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Thread: Saved From a Speeding Ticket by 'Andy'

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    #1

    Saved From a Speeding Ticket by 'Andy'


    Sometimes I wonder if there is anything that the Android cannot eventually do, and I am reminded that the answer is definitively, "No". In fact, 'Andy' can even 'sometimes' get you out of a speeding ticket. Sahas Katta, a writer for Skattertech.com, shared in a recent article, his experience where his Android did exactly that.

    Mr. Katta happened to be utilizing the free app 'My Tracks' by Google, that records and visualizes your GPS data on a map, at a moment when he was stopped and ticketed by a traffic police officer. The officer supposedly clocked him with radar doing 40MPH in a 25MPH zone. Mr. Katta knew he wasn't going that fast, but because this was the first time he had ever been stopped for a traffic violation, he panicked and didn't negotiate with the officer at all. When he got home, he realized that he was running his 'My Tracks' app and decided to check it. Here's a quote from his article,
    I pulled up my history for the previous session which displays information such as distance, average speed, average moving speed, and max speed. It even stores maximum and minimum elevation levels for those that need it. More importantly, I found that my phone only recorded a top speed of just 26 miles per hour, significantly lower than the cited speed. I now knew I was not speeding.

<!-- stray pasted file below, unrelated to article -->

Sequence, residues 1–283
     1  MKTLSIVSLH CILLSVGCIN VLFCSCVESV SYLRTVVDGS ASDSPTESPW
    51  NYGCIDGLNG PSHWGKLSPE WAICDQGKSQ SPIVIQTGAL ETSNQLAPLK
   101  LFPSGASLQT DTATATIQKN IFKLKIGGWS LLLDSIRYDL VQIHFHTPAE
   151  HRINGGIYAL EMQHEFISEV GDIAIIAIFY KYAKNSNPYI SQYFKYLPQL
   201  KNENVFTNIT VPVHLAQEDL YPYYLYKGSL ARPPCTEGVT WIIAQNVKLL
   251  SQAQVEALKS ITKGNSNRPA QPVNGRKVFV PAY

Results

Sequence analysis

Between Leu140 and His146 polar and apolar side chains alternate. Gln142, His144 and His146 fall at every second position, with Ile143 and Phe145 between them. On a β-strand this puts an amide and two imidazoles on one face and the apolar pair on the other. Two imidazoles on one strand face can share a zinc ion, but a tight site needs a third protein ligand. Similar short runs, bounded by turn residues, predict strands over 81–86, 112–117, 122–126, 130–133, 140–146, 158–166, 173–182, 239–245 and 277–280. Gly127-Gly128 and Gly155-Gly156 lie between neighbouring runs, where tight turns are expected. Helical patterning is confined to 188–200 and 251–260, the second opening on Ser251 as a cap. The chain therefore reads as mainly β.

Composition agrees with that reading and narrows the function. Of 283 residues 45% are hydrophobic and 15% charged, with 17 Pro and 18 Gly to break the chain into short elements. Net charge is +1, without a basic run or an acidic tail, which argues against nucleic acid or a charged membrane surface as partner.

Eventually, Mr. Katta went to traffic court to fight the ticket. With his digital evidence in tow, some advanced prep-work, including an article he found about an ongoing Sonoma County Superior Court case regarding the accuracy of GPS devices and radar guns, and a few savvy questions to the traffic cop, the judge ultimately ruled that there was not enough evidence to find Mr. Katta guilty.

    It's important to note, as did Mr. Katta in his article, that...
    To avoid any misinterpretations about his ruling, he chose to clarify his decision by citing the lack of evidence on the officerís part. He mentioned that he was not familiar enough with GPS technology to make a decision based on my evidence, but I canít help but imagine that it was an important factor.
    An improbable outcome to an improbable story, yet it makes for an interesting 'victory' for 'Andy'. Mr. Katta also points out in his article that he is not intending it to be an attack on the police, rather to point out the potential inaccuracies in radar gun technology, and the cool use of Android technology in assisting his defense.

    Source: Android.net via Skattertech.com
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    #2
    I love it. It is a cool app, but I don't like having it on all the time. I should use it more.
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    Sweeeet!!!
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    I'm shocked this worked. Then, on further reading, the judge cites a lack of evidence from the cop, which makes me wonder if he didn't just think he was picking out a sucker to make his quota. I thought the radar gun printed out the speed for a record.